A year ago I wrote of one the challenges (and pleasures!) of life as a regular blogger for CIO UK - contributing to the development of each year's CIO 100 list, and identifying the winners for announcing at the CIO 100 celebration on April 23.
One focus of our discussion is on the effectiveness of each CIO in delivering enterprise performance transformation. And this year, as last, I pointed out that there is in practice an additional transformation agenda that CIOs should also now be addressing.
This is the determined transformation of the vendor landscape - its business models and its commercial modus operandi (including its contractual habits). It is what I call proactive market-making.
The radical degree to which the IT vendor landscape is transforming is illustrated in a chart published in the Easter edition of The Economist. In its article Opening Windows - Microsoft at middle age there is a presentation of vendor market shares in the US technology sector from 1980 to 2015. 'Back then' Big Blue is dominant (touching 80%) – and over the subsequent 35 years its market share suddenly drops away (1985 onwards) to 5% and sometimes less. Microsoft appears (1990 onwards) hitting 20% as the new Millenium strikes, and then steadily fades to a current 10%. And as we pass 2005, Apple surges into sight, reaching a circa 20% share as the current decade takes root.
But what really caught my eye is that, by 2015, two thirds (65%+) of the market is now in the hands of a rapidly growing myriad of other vendors. The Economist's graphical analysis is based on 106 existing (quoted) US technology stocks. And we know that in reality the myriad is far far larger. The oligopoly is clearly being broken – and that is why I argue that this is the time for the contemporary CIO to engage in pro-active market making.
And for UK CIOs in particular, as the evidence now is that London has, in the last few years, become a major centre for the launch of fast growing, innovative tech ventures, along with such other UK cities as Cambridge and Bristol.
Go read Douglas McWilliams' very newly published The Flat White Economy – How the Digital eonomy is Transformimg London and other Cities of the Future. I live and work at Angel, Islington – close by the Old Street roundabout. Douglas McWilliams's eye catching statistic is that, within the single postcode centred around the Old Street tube station, London EC1V, in the two years since the Olympics, 'a digitally-driven explosion' has seen the creation of nearly 32,000 new businesses – and of more new jobs than have been lost in the ravages affecting that neighbouring financial mega-hub, the City of London.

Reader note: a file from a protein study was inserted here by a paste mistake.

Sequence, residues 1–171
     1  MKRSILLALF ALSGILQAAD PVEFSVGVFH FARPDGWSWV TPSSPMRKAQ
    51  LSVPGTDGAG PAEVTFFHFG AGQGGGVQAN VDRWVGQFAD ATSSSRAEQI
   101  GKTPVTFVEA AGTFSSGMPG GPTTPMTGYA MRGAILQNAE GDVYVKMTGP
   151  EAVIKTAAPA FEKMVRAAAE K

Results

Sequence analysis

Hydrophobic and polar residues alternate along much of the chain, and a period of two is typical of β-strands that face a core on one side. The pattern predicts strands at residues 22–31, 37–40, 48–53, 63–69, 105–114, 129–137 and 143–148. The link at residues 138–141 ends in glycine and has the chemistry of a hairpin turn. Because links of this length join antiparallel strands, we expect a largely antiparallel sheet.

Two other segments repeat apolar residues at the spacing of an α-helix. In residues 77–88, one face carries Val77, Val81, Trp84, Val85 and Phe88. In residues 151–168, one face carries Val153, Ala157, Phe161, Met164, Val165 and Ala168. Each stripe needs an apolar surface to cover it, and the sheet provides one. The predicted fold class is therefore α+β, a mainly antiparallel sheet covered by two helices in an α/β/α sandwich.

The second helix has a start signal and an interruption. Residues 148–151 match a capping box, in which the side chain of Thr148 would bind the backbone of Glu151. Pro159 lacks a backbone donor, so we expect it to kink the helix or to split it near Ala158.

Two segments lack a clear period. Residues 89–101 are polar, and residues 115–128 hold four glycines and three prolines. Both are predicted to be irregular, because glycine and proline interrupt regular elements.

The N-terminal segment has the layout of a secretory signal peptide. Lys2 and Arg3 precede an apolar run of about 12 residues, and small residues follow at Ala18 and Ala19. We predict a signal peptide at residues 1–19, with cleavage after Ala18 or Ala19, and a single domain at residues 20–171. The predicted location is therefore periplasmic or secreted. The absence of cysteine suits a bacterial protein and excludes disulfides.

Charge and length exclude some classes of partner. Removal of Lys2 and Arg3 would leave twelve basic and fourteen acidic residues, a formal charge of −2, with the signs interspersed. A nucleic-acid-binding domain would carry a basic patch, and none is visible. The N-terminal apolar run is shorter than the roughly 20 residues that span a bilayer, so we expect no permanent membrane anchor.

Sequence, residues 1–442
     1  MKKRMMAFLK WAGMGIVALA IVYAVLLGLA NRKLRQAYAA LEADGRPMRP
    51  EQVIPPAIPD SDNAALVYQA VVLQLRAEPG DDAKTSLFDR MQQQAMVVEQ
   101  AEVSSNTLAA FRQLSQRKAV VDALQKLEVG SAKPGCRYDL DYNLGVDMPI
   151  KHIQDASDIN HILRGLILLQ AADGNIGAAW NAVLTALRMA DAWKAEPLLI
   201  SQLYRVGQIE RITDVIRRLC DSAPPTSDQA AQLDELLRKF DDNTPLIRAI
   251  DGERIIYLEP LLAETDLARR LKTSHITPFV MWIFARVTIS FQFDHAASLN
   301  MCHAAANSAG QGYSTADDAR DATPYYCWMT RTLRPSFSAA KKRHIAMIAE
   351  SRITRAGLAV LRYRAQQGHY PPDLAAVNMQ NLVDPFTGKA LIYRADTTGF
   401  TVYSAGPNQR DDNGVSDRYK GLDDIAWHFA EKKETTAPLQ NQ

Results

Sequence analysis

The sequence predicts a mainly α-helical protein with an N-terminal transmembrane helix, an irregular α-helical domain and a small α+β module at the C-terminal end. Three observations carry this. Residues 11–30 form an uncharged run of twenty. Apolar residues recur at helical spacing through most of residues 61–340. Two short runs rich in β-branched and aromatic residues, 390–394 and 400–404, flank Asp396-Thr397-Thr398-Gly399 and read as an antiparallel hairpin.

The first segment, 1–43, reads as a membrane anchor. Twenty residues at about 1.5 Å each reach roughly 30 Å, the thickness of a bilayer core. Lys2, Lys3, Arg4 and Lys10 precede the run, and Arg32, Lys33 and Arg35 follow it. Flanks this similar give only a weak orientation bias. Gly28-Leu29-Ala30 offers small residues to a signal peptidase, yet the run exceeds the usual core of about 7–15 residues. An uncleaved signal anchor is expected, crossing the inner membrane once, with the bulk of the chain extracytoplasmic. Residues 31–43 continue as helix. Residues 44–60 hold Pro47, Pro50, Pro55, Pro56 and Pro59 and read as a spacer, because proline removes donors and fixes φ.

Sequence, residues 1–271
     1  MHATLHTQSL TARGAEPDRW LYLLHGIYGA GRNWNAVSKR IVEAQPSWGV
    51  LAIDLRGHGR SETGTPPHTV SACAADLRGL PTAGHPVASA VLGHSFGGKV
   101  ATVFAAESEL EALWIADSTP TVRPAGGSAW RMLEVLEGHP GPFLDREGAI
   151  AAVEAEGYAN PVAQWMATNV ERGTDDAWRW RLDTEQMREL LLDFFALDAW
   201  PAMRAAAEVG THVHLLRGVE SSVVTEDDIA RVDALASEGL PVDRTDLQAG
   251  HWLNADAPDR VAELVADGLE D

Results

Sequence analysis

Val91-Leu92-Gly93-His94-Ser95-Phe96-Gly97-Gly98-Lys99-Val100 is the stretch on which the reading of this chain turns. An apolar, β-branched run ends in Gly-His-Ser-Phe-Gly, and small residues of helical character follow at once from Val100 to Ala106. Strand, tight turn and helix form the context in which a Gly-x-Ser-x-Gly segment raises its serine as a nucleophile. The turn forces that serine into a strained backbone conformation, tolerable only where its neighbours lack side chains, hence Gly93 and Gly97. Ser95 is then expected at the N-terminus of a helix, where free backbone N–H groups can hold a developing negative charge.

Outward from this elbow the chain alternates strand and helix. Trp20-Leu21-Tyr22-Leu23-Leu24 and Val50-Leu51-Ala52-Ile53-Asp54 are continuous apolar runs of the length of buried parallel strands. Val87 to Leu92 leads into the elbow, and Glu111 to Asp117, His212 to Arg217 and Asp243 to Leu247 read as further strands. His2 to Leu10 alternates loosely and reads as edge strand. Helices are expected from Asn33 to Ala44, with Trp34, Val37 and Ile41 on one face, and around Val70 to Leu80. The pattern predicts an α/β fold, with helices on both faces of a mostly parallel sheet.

McWilliams is a former Chief Economist at the CBI, and then at IBM, now Executive Chairman of Cebr, a leading UK economic consultancy. The trigger for his 'EC1V' analysis was work for London Transport on traffic patterns that alerted him to the major surge in travel (especially by bicycle!) in the area around Old Street. And the Flat White title? Well – the City of London is about massive bonuses, champagne, fast cars and mansions in Knightbridge. The EC1V revolution is about moderate pay, small shared flats in Hackney, bicycles – and the local coffee shops.
He is clear that the three key ingredients underwriting the Flat White Economy are: technology, demand and skills. The technology, and the demand, has, in the first place, been the drive into on-line retailing (in Western Europe the UK has been the leader, the fastest in its uptake). The skills? His analysis is that the prime enabler (the UK being IT skill-short) has been our open-borders within the EU, combined with the recessionary environments and restrictive labour practices across the Continent, feeding a flood of young professional talent into East London. It is perhaps a real warning signal to those politicians proposing to restrict immigration.
I wrote last month about my experience as a judge for the UK Cloud Awards. The impressive spread of the business models of the young ventures entering the Awards exercise confirms that the 'EC1V revolution' may have been triggered by the drive into on-line retailing, but its innovative front is now, in terms of potential business impact, far wider.
So the contemporary CIO should now be taking a proactive role to market-making. The oligopoly is broken. There is a fast developing thrust of young and highly determined tech ventures whose 'offers' spread across the breadth of the requirements of the contemporary enterprise – and they are here in the UK! Research them! Go visit them! Go seek out newer, more innovative and competitive local suppliers to source from!
On April 23, at the CIO 100 event, I will once again seek out the proactive market makers! Are you one of them?